Nanopaste offers new way to repair bone defects
28th May 2013
This news article is from Handicare UK. Articles that appear on this website are for information purposes only.
A significant number of people who use customised stairlifts do so because of bone problems, one of the most useful ways to manage mobility difficulties caused by these defects. A recent study has now given hope towards the creation of a treatment for bones which could be just as helpful as stairlifts are.
Researchers at the University of Duisburg-Essen (UDE) in Germany believe that they have managed to create a nanopaste which can repair bone defects. This could revolutionise the repair of damaged or ill-formed bones for both patients and surgeons, resulting in less stress overall for the body and less complex and potentially risky surgery.
Matthias Epple, professor for inorganic chemistry at UDE, and his team have been working towards the production of "new biomaterials" after researching the impact of mineral tissue for a number of years. Using knowledge gained from studying teeth, bone and seashells, they have managed to create a bone repair paste that can replace real bone.
Currently, surgeons collect bone from various locations in the body to alleviate the problems of bone defects, but there is "a limited amount of surplus bone material" in the body so a number of synthetic materials are frequently used instead. The use of synthetic materials to repair bone defects does have some drawbacks however; there is greater risk of infection, bones take longer to heal and the "mechanical stability" is imperfect.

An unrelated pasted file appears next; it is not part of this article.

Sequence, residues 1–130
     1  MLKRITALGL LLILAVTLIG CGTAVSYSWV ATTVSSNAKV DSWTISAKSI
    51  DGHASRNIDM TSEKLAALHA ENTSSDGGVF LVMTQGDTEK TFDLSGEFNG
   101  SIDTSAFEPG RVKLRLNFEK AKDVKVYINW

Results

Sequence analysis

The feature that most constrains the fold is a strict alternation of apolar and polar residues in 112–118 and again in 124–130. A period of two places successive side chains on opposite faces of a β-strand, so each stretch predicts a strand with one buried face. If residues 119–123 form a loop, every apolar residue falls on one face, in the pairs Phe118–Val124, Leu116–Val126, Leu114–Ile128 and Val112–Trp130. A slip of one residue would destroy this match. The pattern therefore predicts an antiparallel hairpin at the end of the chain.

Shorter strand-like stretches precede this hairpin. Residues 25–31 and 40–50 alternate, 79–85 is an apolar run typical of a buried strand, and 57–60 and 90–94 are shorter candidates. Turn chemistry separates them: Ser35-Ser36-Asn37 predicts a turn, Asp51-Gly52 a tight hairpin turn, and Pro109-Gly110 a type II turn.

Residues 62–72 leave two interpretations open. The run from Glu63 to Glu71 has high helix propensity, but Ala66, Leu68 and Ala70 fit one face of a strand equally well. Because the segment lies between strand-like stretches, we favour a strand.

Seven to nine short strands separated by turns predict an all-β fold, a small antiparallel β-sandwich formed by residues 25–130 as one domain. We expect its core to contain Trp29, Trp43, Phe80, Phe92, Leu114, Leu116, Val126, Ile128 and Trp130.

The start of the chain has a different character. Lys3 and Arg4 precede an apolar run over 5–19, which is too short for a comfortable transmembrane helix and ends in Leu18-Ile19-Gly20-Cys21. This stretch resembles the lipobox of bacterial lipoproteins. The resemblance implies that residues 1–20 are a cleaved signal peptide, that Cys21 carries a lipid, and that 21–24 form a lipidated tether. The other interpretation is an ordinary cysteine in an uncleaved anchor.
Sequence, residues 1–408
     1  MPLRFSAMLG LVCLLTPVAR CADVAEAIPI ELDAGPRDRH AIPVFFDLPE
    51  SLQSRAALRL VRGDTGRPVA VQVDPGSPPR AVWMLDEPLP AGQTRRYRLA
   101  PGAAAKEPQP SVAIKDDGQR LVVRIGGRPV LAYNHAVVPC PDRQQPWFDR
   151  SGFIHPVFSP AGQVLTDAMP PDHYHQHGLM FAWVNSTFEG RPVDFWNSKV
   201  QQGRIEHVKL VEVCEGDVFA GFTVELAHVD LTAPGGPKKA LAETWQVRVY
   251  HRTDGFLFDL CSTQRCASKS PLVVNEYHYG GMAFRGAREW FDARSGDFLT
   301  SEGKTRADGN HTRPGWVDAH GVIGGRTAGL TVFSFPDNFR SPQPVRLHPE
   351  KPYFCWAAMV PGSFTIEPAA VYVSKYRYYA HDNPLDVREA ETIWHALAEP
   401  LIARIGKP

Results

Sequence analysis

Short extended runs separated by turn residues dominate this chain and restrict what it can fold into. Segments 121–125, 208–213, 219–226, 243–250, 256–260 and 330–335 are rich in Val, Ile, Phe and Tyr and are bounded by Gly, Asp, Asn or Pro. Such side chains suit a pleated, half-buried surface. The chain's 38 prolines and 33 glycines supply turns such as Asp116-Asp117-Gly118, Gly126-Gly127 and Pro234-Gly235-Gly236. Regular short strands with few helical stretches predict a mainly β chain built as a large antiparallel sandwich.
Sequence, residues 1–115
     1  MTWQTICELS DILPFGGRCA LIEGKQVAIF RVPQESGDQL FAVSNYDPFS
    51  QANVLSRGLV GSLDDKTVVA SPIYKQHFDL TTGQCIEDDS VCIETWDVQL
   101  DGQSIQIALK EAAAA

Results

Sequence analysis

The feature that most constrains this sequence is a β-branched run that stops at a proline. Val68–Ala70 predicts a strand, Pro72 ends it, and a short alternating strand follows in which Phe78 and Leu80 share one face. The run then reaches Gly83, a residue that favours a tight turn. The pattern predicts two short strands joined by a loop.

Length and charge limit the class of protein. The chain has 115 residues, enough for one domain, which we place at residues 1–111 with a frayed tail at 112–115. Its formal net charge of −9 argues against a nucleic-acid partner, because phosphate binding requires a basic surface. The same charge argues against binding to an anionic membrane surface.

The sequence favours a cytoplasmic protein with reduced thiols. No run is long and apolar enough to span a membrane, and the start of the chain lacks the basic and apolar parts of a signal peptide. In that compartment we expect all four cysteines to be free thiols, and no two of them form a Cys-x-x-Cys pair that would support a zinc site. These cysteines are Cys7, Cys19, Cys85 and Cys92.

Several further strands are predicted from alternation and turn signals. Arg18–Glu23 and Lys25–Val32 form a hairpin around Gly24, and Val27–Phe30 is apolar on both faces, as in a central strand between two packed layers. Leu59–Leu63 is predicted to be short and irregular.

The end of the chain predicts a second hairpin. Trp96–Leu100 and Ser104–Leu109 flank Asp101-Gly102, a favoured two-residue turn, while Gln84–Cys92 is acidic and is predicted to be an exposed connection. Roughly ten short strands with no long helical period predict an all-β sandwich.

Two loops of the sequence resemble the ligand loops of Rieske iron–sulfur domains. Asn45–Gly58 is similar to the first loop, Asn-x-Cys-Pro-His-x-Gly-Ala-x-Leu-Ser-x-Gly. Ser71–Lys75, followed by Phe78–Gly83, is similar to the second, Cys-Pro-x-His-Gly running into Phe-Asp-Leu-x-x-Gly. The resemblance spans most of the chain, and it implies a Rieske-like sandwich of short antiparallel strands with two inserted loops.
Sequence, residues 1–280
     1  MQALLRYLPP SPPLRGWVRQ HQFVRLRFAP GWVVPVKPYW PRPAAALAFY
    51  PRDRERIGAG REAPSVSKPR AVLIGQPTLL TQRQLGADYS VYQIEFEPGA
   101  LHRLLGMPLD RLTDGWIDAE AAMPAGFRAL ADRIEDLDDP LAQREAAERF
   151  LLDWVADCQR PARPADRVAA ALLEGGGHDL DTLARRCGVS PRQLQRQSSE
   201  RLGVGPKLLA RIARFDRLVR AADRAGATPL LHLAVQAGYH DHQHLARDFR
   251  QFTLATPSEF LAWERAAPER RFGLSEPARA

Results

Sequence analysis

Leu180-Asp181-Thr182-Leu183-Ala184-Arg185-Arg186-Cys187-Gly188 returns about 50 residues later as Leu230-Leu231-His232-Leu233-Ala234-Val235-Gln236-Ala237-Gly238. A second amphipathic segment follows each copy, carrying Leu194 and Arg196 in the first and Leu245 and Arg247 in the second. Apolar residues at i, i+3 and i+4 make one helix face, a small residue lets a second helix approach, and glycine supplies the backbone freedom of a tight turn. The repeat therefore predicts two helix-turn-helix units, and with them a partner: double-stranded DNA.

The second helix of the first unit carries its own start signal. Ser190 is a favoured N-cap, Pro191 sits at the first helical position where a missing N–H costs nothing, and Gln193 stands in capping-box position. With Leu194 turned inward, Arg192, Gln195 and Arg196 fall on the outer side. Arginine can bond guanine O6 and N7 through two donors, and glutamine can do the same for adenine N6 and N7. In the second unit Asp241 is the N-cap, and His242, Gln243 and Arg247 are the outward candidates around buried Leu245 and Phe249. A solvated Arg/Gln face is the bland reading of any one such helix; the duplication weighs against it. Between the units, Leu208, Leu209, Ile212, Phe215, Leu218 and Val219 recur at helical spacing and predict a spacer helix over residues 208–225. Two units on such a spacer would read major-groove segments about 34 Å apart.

To rectify these problems, Professor Epple and his team have created a bone repair paste, consisting of synthetic calcium phosphate nanocrystals that are coated with nucleic acids, otherwise known as DNA. He recommended the use of calcium phosphate in particular as it is already familiar to the body, making it a suitable carrier, and improves new bone formation. When the paste is injected into a bone defect, the calcium phosphate dissolves and the released DNA stimulates the formation of BMP-7 and VEGF-A, two proteins that are important for healing. The newly formed bone is supplied with valuable nutrients by these two proteins, with the former stimulating bone formation and the latter aiding in the creation of new blood vessels.
One of the main benefits of the bone repair paste is its longevity; the nanoparticles are released successively, enabling the surrounding cells to be continually stimulated.
This bone repair paste could significantly improve the lives of those who rely on recliner chairs due to having problematic bone defects, particularly as Professor Epple believes that it will be widely used to treat osteoporosis and in the field of emergency trauma medicine within a few years.
Image Credit: sanberdoo (flickr.com)